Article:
Keywords: hematologic toxicity, copperhead envenomation, bleeding (PubMed Search)
Hematologic toxicity (coagulopathy/bleeding) can occur with pit viper envenomation. Copperhead is the most commonly implicated pit viper envenomation in the U.S. However, the prevalence of hematologic toxicity from copperhead envenomation is variable, possibly due to regional variation in venom potency and species misidentification.
An observation study was performing using multi-center (Virginia Commonweath university, University of Virginia Medical Center and Eastern Virginia Medical medical center) electronic hospital/medical records (Jan 1, 2006 to Dec 31, 2016) of suspected copperhead bites. Authors state that copperhead snakes are "nearly exclusively endemic" to the VCU and UVA medical center region.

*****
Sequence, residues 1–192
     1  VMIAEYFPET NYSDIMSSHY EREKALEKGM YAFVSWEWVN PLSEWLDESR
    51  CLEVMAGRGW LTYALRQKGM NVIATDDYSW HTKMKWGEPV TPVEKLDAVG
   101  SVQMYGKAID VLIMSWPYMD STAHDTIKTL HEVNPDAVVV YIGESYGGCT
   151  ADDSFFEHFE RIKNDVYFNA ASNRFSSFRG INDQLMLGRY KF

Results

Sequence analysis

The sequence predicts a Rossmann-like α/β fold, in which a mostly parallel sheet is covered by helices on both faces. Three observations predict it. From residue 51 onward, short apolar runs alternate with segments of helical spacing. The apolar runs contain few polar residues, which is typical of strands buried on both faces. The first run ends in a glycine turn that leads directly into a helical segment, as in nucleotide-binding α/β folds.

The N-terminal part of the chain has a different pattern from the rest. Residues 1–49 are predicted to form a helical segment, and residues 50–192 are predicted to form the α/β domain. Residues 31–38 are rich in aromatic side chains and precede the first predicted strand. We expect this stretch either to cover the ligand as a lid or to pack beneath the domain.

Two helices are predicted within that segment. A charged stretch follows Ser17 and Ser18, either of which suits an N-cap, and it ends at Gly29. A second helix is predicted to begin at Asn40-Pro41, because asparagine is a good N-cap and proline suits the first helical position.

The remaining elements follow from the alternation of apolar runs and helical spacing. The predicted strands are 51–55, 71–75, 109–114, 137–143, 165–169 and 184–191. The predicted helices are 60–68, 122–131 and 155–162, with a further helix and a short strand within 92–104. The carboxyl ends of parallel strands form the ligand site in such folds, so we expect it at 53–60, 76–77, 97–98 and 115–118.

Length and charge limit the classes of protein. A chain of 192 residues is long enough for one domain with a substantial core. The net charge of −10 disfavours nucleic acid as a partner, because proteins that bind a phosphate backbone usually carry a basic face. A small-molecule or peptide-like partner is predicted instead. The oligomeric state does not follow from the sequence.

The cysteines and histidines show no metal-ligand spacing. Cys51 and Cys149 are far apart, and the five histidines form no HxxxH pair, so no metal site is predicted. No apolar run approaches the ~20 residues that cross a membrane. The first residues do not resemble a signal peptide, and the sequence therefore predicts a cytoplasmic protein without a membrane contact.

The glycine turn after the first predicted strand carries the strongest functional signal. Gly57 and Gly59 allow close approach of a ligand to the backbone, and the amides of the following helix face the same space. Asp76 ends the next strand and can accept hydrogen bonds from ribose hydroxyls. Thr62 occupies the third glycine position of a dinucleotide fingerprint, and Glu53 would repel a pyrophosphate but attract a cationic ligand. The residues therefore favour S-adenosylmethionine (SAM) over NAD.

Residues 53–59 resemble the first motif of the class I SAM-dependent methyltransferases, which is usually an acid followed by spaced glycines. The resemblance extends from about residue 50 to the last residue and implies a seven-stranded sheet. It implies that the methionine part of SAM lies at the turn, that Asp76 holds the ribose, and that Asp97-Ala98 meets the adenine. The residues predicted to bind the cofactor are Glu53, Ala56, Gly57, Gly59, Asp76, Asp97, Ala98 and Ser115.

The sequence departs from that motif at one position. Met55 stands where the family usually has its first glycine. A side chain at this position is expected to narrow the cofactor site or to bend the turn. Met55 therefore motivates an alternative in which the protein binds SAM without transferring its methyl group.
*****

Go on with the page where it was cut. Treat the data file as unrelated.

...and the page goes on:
388 patients were identified but 244 met inclusion/exclusion criteria.
Hematologic toxicity: 14%
In a small sample of copperhead envenomation in Virginia, “subtle” hematologic abnormalities were observed but clinically significant hematologic toxicity was not observed (i.e. bleeding)
Wills BK et al. Prevalence of hematologic toxicity from copperhead envenomation: an observational study. Clin Toxicol. 2019. DOI: 10.1080/15563650.2019.1644346